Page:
A remarkable detail to be published in former Homeland Security Secretary Tom Ridges soon-to-be-released book asserts that the Bush Administration attempted to wield the color-coded terror alert system for political gain a charge often leveled by Democrats but not previously confirmed by a high-ranking Bush Administration official.
Ridges publisher is pushing details from his book in advance of its release. Notable among them:
Tom Ridge, the first head of the 9/11-inspired Department of Homeland Security, wasnt keen on writing a tell-all. But in The Test of Our Times: America Under Siege and How We Can Be Safe Again, out September 1, Ridge says he wants to shake public complacency over security.
And to do that, well, he needs to tell all. Especially about the infighting he saw that frustrated his attempts to build a smooth-running department. Among the headlines promoted by publisher Thomas Dunne Books: Ridge was never invited to sit in on National Security Council meetings; was blindsided by the FBI in morning Oval Office meetings because the agency withheld critical information from him; found his urgings to block Michael Brown from being named head of the emergency agency blamed for the Hurricane Katrina disaster ignored; and was pushed to raise the security alert on the eve of President Bushs re-election, something he saw as politically motivated and worth resigning over.
Liberal columnist and blogger Josh Marshall noted the striking timing of Bush terror alerts in 2006.
The 18 months prior to the 2004 presidential election witnessed a barrage of those ridiculous color-coded terror alerts, quashed-plot headlines and breathless press conferences from Administration officials, Marshall wrote. Warnings of terror attacks over the Christmas 2003 holidays, warnings over summer terror attacks at the 2004 political conventions, then a whole slew of warnings of terror attacks to disrupt the election itself. Even the timing of the alerts seemed to fall with odd regularity right on the heels of major political events. One of Department of Homeland Security chief Tom Ridges terror warnings came two days after John Kerry picked John Edwards as his running mate; another came three days after the end of the Democratic convention.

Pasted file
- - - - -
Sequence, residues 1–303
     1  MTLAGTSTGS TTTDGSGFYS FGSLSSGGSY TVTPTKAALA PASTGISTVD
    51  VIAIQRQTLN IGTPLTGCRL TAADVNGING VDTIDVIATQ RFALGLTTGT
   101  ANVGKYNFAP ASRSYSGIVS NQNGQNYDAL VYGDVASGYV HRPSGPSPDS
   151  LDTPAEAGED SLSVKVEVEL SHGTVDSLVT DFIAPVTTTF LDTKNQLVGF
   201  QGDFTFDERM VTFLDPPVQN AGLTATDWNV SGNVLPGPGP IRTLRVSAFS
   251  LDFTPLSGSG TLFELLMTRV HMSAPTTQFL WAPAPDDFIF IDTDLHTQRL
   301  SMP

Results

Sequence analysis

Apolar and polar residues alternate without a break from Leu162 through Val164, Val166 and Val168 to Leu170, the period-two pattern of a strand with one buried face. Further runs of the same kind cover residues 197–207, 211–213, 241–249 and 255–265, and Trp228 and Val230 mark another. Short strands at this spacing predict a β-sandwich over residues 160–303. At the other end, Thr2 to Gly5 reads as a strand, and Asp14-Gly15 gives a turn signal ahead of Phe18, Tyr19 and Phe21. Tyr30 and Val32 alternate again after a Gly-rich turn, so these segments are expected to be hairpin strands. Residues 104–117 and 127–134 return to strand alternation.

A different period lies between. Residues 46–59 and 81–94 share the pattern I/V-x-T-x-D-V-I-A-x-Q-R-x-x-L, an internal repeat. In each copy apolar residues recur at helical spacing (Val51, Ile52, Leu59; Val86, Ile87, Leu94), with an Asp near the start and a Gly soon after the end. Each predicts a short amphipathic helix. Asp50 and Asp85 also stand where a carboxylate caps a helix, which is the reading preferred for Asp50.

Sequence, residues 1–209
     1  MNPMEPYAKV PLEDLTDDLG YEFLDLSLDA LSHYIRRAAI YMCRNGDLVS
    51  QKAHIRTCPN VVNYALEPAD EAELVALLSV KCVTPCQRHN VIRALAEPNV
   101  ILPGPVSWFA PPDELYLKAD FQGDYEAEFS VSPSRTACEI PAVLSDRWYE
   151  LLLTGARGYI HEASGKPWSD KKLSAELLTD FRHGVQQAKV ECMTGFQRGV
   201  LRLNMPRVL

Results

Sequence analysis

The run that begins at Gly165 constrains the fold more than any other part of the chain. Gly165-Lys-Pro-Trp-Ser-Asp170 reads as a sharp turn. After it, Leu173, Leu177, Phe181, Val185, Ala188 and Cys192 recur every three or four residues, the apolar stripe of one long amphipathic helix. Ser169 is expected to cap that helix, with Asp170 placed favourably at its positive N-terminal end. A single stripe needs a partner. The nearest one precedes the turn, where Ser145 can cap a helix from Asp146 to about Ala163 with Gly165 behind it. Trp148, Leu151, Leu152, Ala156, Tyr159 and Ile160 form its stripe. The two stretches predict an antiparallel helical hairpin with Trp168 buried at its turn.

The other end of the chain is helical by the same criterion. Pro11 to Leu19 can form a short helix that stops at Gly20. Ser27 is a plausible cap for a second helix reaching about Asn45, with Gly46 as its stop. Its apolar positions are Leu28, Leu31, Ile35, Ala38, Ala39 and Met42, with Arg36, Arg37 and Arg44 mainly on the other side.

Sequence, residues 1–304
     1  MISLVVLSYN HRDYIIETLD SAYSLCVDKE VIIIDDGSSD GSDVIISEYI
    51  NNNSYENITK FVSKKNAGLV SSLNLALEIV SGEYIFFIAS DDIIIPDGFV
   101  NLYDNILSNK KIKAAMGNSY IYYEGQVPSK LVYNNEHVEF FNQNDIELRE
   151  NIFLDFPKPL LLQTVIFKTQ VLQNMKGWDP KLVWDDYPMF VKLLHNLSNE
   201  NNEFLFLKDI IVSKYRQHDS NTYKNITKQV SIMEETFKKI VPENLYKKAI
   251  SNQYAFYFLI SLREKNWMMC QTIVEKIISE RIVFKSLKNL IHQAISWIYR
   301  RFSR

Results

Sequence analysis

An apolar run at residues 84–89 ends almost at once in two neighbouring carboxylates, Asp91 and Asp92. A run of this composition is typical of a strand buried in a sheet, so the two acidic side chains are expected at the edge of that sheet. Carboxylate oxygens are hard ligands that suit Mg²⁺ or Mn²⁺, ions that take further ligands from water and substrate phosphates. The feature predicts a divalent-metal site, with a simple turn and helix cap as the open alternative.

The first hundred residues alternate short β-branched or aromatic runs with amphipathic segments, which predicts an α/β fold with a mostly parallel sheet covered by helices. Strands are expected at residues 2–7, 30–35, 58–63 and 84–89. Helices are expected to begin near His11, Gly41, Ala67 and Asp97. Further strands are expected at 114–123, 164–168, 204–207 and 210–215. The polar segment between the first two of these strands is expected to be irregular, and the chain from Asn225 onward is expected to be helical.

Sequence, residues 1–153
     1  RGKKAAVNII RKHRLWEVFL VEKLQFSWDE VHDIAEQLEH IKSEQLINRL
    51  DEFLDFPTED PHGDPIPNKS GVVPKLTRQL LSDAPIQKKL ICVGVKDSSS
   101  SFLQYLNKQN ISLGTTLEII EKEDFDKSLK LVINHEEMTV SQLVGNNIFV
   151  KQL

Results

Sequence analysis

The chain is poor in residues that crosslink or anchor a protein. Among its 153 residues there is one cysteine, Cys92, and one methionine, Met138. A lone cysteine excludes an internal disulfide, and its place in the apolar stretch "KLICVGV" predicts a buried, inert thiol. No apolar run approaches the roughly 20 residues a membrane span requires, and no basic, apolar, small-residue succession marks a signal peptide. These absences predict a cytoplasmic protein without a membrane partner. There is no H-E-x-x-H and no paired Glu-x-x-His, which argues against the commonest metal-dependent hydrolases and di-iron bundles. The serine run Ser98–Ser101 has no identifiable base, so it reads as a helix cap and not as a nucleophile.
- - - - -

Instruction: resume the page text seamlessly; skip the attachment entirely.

A tape released by Osama bin Laden days before the 2004 election may have been the reasoning for the intended terror alert, but none was issued after August in 2004.
Ridge has broken with the Bush Administration before. In a May interview with CNNs State of the Union, Ridge said he could not support the former Vice President Dick Cheneys charge that Obama had undermined US national security.
Asked if he believed the country was now less safe as a result of Obamas policies, Ridge said: I do not.
The Republican said the discussion had become too politically charged with Cheney making a televised speech on Thursday immediately after an address by the sitting president.
Ridge also said he was disappointed with both Cheney and Obama, saying he regretted the bitter partisan tone about such an important issue.
I disagree with Dick Cheney. But I also disagree with the approach both men are taking, said Ridge, in excerpts of an interview due to be broadcast in full on Sunday. (Raw Story, 8.20.2009) -John Byrne (with AFP)